8. #8
    I don't know the exact answer for the 1st question, but as for the 2nd question, your ex-husband should still be apply for H1-B, even if the AOS is denied. Now whether he can still legally stay in the country or must leave the country first before the H1-B is approved, thats a different story.
    I hope it can be approved. As I said, I really don't hold ill-will toward him, we just are not good for each other on any level.

    I suspect if the AOS process is denied, he can files an appeal and extend the process to accumulate the necessary 9 months before the H1-B process can start. Of course this is based on the assumption there's still legal procedures to keep his AOS process alive while not showing up/showing up as a divorcee, for the I-751 interview.
    Well, I'm pretty sure if he fails to show up for the interview at all, there'll be no hope of keeping that petition going. But I've been told that if he goes to the interview with evidence the divorce papers have been filed and an attorney, he should qualify for an extension until the divorce is final to file his waiver. I know there's no way the divorce will be final before the interview.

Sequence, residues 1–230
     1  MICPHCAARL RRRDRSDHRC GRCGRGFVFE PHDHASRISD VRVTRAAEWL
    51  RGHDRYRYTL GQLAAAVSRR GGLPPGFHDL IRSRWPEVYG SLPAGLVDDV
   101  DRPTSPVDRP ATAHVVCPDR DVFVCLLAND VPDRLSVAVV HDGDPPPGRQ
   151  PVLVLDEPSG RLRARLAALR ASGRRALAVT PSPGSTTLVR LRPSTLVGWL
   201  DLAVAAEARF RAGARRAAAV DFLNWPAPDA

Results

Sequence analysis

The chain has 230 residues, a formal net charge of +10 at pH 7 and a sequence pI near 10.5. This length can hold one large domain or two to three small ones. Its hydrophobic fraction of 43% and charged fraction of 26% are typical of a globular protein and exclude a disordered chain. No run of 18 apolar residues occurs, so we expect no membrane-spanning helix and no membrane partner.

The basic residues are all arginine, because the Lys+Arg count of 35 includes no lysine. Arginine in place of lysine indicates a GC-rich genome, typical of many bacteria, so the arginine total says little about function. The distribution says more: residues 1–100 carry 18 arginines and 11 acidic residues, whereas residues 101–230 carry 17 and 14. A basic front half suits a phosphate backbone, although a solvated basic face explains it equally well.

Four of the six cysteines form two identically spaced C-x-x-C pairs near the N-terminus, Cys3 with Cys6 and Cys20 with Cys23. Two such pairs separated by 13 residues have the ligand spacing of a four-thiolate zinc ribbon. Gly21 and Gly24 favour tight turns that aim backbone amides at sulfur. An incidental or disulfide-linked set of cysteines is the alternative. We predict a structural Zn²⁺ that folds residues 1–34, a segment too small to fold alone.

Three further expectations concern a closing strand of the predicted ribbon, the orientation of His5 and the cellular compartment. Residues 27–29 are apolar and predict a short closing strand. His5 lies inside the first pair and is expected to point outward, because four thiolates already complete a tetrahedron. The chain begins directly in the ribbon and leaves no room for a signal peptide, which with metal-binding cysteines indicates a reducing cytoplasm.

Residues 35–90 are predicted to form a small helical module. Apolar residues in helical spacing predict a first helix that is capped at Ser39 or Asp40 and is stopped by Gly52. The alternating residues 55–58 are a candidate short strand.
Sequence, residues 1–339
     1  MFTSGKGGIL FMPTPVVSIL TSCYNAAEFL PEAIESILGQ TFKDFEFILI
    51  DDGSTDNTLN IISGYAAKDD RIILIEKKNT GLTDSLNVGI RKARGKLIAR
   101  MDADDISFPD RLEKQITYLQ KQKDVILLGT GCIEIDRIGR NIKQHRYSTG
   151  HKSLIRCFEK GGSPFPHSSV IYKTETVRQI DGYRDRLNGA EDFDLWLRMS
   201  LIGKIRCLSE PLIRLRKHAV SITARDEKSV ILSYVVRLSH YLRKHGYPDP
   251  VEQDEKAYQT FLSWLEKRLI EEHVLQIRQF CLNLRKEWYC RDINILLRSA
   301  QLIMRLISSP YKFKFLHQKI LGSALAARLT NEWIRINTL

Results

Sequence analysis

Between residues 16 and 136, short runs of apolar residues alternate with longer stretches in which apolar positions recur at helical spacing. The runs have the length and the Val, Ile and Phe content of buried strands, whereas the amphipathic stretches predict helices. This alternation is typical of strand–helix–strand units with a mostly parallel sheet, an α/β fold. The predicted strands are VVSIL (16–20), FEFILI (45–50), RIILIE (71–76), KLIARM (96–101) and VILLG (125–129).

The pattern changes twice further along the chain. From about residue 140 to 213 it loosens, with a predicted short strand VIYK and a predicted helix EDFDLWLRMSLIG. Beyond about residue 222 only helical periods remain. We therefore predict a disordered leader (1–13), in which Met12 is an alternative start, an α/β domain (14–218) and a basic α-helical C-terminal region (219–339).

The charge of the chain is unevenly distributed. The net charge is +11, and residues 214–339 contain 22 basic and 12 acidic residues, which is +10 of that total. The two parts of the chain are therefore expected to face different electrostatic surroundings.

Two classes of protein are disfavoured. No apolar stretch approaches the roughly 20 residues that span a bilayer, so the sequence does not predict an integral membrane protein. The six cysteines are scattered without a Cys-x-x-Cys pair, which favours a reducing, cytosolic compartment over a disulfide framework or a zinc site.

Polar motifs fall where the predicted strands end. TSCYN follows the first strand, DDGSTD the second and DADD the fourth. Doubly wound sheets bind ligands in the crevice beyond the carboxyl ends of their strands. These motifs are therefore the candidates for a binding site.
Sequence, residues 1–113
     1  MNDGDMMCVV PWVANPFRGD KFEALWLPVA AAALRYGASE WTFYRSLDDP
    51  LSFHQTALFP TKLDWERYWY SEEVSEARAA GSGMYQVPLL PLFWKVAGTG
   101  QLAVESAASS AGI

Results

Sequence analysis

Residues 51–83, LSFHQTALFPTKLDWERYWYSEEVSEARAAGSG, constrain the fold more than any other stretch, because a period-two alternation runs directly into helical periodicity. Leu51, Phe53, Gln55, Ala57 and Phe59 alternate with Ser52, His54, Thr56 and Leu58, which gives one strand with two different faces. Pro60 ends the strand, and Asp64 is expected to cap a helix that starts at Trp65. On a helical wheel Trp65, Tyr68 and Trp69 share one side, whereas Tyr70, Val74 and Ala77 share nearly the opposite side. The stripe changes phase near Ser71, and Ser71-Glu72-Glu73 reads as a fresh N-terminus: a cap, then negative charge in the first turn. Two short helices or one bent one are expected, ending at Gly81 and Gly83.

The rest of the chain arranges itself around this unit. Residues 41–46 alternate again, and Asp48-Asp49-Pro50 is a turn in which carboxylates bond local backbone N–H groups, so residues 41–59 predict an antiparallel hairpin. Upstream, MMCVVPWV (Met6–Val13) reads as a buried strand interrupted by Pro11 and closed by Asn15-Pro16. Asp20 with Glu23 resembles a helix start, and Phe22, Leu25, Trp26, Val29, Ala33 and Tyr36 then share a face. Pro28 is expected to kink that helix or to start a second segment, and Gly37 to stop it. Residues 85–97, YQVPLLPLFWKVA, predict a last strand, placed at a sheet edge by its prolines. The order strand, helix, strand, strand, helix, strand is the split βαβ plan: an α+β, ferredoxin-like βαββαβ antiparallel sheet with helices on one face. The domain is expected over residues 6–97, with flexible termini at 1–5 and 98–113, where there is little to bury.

I guess the biggest turn-off about the whole situation is that it seems rather childish to threaten to "take his ball and his bat and go home". When he called he said he was closing all of the bank accounts and cancelling the health insurance, as though these things would upset me. If I want a divorce, it's logical that I've thought about those things and have decided I do not want them. I haven't touched our joint bank account since I came back home to take care of my grandmother. While health insurance is nice, I haven't used it since *before* I came back home. I don't respond well to ultimatums -- and if his ultimatum is "give up your job or I leave the country", it's not a hard decision to make.